And these demonstrate boundless objects too. Why to be good in vain, is man enjoin'd? Oljects, pow'rs, appetites, heav'n suits in all; Why to be good in vain, is man betray'd ? Nor, nature thro', e'er violates this sweet, Betray'd by traitors lodg'd in his own breast, Eternal concord, on her tuneful string. By sweet complacencies from virtue felt?

Is man the sole exception from her laws ? Why whispers nature lies on virtue's parts? Eternity struck off from human hope, Or if blind instinct (which assumes the name Vlan is a monster, the reproach of heav'n, Of sacred couscience) plays the fool in mall, A stain, a dark impenetrable cloud Why reason made accomplice in the cheat? On nature's beauteous aspect; and deforms, Why are the wisest, loudest in her praise ? (Amazing blot!) deforins her with her lord. Can man by reason's beam be led astray?

Or own the soul immortal, or invert Or, at his peril, imitate bis God?

All order. Go, mock-majesty! go, man, Siace virtue so:netimes ruins us on earth, And bow to thy superiors of the stall ; Or, both are true, or man survives the grave. Thro' every scene of sense superior far: (stream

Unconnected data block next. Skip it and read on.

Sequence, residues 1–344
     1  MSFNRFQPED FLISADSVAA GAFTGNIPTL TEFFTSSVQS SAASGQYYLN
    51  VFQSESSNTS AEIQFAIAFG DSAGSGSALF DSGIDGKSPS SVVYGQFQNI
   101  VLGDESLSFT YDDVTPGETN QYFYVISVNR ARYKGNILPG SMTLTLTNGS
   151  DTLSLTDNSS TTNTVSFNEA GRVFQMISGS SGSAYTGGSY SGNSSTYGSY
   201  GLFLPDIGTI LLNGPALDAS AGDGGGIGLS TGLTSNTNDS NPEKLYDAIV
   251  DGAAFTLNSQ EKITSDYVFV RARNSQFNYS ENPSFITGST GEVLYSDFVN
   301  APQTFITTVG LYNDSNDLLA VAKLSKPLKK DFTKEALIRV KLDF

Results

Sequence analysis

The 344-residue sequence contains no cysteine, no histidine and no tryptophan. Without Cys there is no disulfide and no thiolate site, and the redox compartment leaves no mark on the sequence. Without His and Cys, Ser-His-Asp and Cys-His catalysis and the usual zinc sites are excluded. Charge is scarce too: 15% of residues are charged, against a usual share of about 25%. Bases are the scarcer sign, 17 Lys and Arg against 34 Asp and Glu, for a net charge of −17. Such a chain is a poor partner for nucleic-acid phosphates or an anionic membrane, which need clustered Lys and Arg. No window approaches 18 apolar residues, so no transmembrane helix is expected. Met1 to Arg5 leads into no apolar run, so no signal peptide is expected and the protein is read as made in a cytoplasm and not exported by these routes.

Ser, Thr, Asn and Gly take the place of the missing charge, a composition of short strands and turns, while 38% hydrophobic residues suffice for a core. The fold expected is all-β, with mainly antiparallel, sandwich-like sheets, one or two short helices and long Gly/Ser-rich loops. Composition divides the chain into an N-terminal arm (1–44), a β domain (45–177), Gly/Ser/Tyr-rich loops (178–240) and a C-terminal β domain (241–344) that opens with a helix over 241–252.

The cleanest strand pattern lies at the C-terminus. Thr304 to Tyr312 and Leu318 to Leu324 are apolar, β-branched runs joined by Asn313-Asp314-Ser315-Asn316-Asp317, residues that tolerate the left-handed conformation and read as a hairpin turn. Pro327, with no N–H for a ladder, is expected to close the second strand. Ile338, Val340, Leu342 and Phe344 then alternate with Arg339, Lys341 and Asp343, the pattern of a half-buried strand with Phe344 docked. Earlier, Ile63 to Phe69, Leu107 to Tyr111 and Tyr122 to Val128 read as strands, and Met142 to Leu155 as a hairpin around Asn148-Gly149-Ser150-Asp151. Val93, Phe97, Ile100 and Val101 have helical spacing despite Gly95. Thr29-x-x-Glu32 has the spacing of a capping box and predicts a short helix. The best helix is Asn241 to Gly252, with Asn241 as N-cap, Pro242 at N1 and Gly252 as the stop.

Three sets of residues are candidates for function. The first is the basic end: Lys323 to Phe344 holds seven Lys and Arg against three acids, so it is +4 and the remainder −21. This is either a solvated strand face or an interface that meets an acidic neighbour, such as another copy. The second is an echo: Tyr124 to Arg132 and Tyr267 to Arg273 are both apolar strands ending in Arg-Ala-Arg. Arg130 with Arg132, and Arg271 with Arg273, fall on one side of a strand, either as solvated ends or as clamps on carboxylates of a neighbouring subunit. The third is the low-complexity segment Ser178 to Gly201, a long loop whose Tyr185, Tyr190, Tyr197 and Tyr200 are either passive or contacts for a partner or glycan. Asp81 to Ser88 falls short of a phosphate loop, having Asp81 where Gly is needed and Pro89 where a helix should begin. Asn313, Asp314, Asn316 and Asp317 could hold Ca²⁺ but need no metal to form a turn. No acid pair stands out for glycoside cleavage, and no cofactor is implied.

Or inan survives the grave, or own, Lorenzo, | They graze the turf untilld ; they drink the Thy boast supreme, a wild absurdity.

| Unbrew'd, and ever full, and unimbitter'd Dauntless thy spirit; cowards are thy scorn.

With doubts, fears, fruitless hopes, regrets, deGrant man immortal, and thy scorn is just.

spairs, The man imirortal, rationally brave,

Mankind's peculiar! reason's precious dow'r! Dares rash on death, - because he cannot die. No foreign clime they ransack for their robes, But if man loses all, when life is lost;

Nor brothers cite to the litigious bar: lie lives a coward, or a fool expires.

[Their good is good enuire, unwixt, unmarr'd;" A daring infidel (and such there are,